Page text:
The basis for the audio equivalent would be where you use finger to explore the screen to find the first goat, then use another finger to find a second goat, and then drag the two goats together.  As you explore, when you  first finger passes over a goat, you would hear the goat, and the goat would then follow that finger; the gestures would be the same for the second goat.

I prototyped this game, and found that locating goats was extremely difficult, and dragging them towards each other almost impossible.  Not only was the game hard to play when I was looking at the screen, getting the app to switch quickly between one finger and two finger dragging is unreliable on the iPhone.

I modified the game to use just one finger, and instead of combining with another animal, the goal of the game was to drag the animal to the edge of the screen.  That turned the game into Blindfold Barnyard: drag barnyard animals to the north, south, east or west fences.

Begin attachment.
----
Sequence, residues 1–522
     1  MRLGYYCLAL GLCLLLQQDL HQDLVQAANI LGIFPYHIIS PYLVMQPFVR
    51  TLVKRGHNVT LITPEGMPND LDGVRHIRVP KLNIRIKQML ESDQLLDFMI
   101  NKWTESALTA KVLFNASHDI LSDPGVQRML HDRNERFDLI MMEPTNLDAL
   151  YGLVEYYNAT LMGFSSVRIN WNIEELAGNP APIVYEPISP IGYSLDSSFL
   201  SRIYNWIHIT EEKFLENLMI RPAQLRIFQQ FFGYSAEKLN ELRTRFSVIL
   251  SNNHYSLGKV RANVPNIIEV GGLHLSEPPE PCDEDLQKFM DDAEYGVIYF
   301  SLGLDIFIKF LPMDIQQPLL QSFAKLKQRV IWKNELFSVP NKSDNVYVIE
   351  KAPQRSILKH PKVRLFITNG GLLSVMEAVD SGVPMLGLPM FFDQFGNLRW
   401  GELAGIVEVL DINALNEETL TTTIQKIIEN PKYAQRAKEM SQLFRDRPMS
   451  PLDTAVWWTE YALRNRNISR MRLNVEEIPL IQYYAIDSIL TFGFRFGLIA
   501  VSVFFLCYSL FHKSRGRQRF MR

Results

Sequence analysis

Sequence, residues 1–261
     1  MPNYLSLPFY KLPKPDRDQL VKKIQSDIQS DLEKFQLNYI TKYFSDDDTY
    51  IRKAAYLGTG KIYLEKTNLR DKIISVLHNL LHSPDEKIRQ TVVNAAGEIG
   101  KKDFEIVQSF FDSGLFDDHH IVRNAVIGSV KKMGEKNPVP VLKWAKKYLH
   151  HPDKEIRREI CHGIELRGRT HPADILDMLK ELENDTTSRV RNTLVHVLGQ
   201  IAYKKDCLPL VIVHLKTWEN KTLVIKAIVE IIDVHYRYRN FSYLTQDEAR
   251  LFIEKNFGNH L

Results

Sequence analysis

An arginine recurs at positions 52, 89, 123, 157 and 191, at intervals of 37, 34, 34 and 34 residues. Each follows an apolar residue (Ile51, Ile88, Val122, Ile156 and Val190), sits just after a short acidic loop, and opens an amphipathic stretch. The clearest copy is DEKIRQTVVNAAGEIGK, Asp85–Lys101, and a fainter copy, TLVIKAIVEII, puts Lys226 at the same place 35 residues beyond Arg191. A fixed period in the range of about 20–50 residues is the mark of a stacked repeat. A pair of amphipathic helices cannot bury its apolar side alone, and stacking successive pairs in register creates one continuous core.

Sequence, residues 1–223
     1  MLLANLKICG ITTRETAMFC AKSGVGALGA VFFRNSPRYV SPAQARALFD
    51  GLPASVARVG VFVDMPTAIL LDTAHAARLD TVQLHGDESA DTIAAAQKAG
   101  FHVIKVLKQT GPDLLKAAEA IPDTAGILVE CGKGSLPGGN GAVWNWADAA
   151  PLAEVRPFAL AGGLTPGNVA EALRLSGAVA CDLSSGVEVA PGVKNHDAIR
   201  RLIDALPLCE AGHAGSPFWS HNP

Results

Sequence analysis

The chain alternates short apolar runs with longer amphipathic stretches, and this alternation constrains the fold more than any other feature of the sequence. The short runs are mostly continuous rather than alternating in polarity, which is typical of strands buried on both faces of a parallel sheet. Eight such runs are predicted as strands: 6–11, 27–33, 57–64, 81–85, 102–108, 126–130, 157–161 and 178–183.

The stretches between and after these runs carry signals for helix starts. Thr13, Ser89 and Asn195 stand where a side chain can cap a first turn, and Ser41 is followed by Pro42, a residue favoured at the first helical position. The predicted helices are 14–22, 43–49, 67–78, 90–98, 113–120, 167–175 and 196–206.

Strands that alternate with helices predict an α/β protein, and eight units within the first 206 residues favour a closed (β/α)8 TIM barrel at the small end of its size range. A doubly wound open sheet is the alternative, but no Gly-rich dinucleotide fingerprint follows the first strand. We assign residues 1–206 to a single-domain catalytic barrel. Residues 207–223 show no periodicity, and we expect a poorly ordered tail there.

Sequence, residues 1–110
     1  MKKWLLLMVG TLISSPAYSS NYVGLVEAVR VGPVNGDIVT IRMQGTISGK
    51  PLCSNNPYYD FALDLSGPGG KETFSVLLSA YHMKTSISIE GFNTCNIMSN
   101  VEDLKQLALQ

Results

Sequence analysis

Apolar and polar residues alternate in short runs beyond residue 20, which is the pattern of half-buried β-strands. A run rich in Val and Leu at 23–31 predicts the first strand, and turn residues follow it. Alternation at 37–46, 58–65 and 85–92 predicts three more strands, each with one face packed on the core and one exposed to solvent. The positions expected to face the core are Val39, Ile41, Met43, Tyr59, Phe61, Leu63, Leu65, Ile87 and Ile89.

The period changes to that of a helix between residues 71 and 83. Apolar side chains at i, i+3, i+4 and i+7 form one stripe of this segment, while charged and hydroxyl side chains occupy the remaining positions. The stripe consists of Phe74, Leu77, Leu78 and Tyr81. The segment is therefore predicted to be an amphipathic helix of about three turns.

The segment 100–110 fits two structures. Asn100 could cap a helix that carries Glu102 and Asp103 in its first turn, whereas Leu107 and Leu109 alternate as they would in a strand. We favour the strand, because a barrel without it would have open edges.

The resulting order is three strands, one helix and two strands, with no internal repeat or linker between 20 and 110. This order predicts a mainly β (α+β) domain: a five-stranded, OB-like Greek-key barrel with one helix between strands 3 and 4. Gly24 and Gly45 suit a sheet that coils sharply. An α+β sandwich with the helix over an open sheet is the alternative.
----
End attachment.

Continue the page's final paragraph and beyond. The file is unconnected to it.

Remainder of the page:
To earn points, once you have a bunch of similar animals at a fence, swipe with 2 fingers to move those animals into the barn.  The more animals that are hitched and moved, the higher you score.  For one animal, one point.  Two animals, three points.  Three animals, six points, and so on.  But if you attempt to hitch a different animal to the fence, all of the animals run away from the fence.  New animals appear in the barnyard every few seconds.

The testers really liked the game, but had trouble finding animals.  I added two methods to locate the animals: compass and clock directions.  With compass directions, the game tells you where the nearest animal is, such as “Horse to the north east”.  With clock directions, the game tells you “Sheep at 3 o’clock”.

I’ve been told some people are scoring as high as 2,000 points in the 3 minute game, and the instructions are quite funny.

Recently, I added more barnyards, including one with a pond in the middle that you must avoid.

You can get this game at:

Blindfold Pinball